Elizabeth Fry has been depicted on our £5 note for 13 years. The main illustration shows the social reformer reading to prisoners at Newgate while watched by various dignitaries.
Although Elizabeth didn’t like an audience while she read, she was aware that the publicity might help the prisoners’ cause. In recognition of her work with prisoners she was awarded a key to Newgate prison and this is also used in the design.
The original painting, by Jerry Barrett 1863, is in the British Museum although not currently on display. A modern take on the painting, by illustrator Adam Fisher, appears on the cover of ‘While it is Yet Day’.
Next summer she will be replaced on the fiver by Winston Churchill. The Bank of England has been issuing bank notes for 300 years and there are currently four notes in circulation of values: £5, £10, £20 and £50.
It is only since 1970 that historic figures have been featured. Elizabeth Fry was the the second woman to be chosen – after Florence Nightingale, the popular nurse who was herself inspired by Elizabeth’s work. Jane Austin will feature on the next £10 note, in 2017, in place of Charles Darwin. It certainly is an honour to be featured on a note even if so few women have made it so far.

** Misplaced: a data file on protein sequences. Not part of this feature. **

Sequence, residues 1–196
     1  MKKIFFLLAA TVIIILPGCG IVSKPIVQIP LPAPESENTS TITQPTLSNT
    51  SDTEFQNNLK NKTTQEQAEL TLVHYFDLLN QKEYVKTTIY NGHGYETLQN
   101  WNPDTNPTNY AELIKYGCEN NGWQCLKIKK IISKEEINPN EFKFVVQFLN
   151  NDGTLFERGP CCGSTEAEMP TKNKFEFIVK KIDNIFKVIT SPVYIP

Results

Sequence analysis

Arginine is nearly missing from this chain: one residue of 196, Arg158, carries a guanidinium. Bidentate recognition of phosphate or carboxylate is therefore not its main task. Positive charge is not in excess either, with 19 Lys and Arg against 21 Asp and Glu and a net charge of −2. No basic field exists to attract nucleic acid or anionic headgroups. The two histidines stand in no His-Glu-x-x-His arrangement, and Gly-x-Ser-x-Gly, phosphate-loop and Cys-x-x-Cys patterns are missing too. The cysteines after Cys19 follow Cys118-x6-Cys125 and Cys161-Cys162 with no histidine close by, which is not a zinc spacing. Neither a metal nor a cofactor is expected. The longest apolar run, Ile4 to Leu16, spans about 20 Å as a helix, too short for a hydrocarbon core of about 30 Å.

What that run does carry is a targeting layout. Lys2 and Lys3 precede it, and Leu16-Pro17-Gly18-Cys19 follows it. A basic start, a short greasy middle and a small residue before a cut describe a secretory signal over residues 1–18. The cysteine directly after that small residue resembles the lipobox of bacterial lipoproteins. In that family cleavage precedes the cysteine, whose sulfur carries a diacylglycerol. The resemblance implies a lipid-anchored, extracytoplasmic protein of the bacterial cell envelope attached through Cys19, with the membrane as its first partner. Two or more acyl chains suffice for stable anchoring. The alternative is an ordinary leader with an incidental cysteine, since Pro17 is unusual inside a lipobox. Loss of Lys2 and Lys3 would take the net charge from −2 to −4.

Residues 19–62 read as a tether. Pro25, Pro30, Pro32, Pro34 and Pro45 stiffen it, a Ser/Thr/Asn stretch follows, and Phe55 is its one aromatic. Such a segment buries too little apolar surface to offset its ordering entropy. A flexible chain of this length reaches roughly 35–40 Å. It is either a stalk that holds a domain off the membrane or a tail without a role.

The figures on our other two notes at the moment are:
- Charles Darwin, naturalist and geologist – £10 note
- Adam Smith, the father of economics – £20 note
- Matthew Boulton and James Watt, engineers – £50 note
Other past figures have been:
- Charles Dickens, writer
- Sir Edward Elgar, composer
- Michael Faraday, scientist
- Sir John Houblon, first Governor of the Bank of England
- Sir Isaac Newton, scientist
- William Shakespeare, poet/playwright
- George Stephenson, railway engineer
- 1st Duke of Wellington, General/Statesman
- Sir Christopher Wren, architect